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Living on the Streets: Eli Elliott’s story

A special testimony by Eli Elliott, BPC sophomore

First published in The Christian Index, CollegeWise edition, 10-08-08

Eli Elliott
Eli Elliott

"In February of this year, by seeing others ministering and through prayer, scripture, and confirmation from others, God told me to live on the streets with very little money ($10.00), two books, a journal, and the clothes that I had on so that I could 100 percent rely on Him to take care of me. No phone, no safety net to fall on if God didn't come though. Sometimes I think that we as Christians say to God, “I'm going here Lord, so could You show up, please,” instead of “I don't know what to do, but to follow You and trust that You will take care of me wherever You lead me.” 

In April, God opened the doors for me to do it this summer, beginning June 1, in downtown Atlanta. The closer June got, though, the more nervous I was. I thought to myself sometimes, “Have I lost it? Am I crazy? Who in their right mind would do this?” (2 Cor 5:13) I talked with a few people in Atlanta who worked with homeless people there. I lived at a ministry center called City of Refuge for five days before I set out. I met a group of people that taught me where to and where not to go. I can't imagine how my parents felt. I know that I would rather go somewhere dangerous than to send one that I loved. Although they did not like it, I knew they had my back, because they knew that that was God’s will.

The first few days at the City of Refuge were not very hard, but as soon as one of the workers took me to downtown Atlanta to drop me off, I didn’t want to get out. When I did, I sat at the Marta train station in Five Points for an hour or so. I had enough change to get a train pass so I got on the train and rode around Atlanta for about six hours. I was thinking, reading, and writing the whole time. When I got off the train I went to nearby Piedmont Park. I was scared at this point because I didn't know where my next meal was coming from or if I could even sleep in the park. Should I try to hide? Should I stay in the open? Grass or concrete? Needless to say I did not sleep very well that first night. I did meet another homeless guy who helped me find food. People were in the park all hours of the night. Some would make fun of me and tell me how sorry I am. Some would curse me. Some were scared of me. I stayed in the park for three nights. It is about three hours from food by walking.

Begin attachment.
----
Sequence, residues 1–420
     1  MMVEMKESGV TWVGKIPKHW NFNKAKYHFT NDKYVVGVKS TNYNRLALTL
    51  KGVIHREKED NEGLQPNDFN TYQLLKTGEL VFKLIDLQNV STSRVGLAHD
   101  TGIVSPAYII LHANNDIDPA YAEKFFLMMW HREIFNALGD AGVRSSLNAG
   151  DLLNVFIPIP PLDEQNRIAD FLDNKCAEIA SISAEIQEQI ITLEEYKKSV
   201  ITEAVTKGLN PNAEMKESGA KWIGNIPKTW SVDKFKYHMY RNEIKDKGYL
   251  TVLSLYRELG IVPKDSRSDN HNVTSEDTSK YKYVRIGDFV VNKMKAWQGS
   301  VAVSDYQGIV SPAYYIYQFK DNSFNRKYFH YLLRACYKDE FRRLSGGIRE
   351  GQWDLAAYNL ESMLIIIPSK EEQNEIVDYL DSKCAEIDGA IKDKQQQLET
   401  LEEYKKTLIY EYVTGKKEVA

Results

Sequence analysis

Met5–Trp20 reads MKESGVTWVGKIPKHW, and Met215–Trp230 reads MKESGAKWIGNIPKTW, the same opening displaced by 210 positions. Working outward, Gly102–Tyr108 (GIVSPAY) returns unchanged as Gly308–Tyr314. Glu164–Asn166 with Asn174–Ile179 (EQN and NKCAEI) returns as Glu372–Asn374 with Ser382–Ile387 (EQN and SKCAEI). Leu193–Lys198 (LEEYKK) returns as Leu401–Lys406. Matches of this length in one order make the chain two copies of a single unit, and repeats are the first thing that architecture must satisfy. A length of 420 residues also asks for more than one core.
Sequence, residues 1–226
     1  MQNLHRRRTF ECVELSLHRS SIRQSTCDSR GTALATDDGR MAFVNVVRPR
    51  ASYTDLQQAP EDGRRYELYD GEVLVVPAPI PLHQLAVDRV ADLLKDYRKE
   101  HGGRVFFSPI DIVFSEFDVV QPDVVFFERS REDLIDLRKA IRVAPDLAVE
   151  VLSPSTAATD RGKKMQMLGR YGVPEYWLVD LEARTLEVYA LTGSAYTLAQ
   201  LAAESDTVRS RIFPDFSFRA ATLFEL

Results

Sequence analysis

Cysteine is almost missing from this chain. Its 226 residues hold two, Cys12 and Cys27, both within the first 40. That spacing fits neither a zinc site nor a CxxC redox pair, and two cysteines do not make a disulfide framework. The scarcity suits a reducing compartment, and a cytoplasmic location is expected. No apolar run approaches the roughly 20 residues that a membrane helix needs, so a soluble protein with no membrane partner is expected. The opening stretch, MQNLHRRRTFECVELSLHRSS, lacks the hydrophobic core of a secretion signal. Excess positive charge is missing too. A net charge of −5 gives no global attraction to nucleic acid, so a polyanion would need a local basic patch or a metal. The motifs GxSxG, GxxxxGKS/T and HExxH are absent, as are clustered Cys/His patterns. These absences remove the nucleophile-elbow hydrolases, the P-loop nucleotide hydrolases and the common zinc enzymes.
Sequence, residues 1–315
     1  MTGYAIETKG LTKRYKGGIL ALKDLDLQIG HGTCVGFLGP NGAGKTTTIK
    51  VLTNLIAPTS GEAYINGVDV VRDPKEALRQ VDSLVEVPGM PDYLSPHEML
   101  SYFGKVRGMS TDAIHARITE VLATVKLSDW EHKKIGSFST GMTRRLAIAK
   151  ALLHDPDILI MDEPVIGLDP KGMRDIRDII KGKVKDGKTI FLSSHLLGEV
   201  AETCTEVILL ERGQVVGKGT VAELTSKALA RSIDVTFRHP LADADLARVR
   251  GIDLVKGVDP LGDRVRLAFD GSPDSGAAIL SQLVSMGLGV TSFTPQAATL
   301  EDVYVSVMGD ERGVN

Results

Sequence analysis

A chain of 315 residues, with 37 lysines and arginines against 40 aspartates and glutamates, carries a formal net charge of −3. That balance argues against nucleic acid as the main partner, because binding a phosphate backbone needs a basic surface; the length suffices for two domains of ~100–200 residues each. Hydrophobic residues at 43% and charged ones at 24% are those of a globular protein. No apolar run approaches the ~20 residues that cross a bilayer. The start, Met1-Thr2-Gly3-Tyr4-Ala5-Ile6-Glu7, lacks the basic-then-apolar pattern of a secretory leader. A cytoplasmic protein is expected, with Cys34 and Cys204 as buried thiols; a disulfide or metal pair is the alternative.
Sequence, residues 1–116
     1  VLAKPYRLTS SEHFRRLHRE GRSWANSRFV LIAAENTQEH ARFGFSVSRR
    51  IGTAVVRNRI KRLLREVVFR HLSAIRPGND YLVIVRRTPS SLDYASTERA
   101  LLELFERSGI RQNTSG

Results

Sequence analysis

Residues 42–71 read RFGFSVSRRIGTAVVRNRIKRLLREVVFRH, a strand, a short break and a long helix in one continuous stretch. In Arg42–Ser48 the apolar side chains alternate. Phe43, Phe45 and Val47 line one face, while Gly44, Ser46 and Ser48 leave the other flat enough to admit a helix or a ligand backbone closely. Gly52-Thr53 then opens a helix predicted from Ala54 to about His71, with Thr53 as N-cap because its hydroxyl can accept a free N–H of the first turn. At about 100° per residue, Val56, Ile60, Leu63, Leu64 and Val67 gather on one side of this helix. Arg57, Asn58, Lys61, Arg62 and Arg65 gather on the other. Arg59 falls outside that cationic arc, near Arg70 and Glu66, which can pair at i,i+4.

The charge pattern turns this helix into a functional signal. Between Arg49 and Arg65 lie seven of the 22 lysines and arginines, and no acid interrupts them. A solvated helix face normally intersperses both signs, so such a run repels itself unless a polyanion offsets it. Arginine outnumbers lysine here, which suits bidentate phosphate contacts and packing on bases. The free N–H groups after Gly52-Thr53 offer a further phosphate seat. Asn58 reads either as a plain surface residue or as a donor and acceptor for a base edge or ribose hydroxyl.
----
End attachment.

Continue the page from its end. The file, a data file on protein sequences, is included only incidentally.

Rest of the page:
I moved closer to where the food was on the fourth day. I met two guys named Mike and John at Safehouse (Safehouse feeds every night). I ended up staying with them for the rest of the time. I slept in the doorway of Sacred Heart Catholic Church in the middle of downtown. People would still mess with me at night, but I learned to sleep through some of it. If you ever have to choose, concrete is much better then grass because of the bugs.

The police would wake us up every day around 5:30 a.m., and on Mondays and Fridays at 4:30 a.m. for some strange reason. I had nowhere to go until 7 a.m. when I waited in line for breakfast that a lady handed out before she started work. She didn't work for an organization, she just gave, but there was a catch: I had to give her a hug before she gave me food. That is who I remember more so than the large places that fed. After eating breakfast, I went to a public bathroom in a park. Most of the time, I would be there for about 30 minutes to an hour waiting and talking to others. From there, I would go to a library to read and write. The people in the library were nice to me; I just couldn't get caught brushing my teeth or trying to bathe in the bathroom. Most days I would try to find some lunch after spending an hour or two in the library. Finding lunch is an all-day event. It usually takes an hour or two to get to the place that is serving, and when I got there, I had to wait another hour before I could eat. It took four or five hours to get “home” from lunch. At night, I might play cards or chess in the park before going to Safehouse to eat. I waited though a service every night before I could get my meal. When I got done eating, John, Mike, and I would head for the church to claim or spot. Sometimes we were too late and had to sleep a block away (not fun).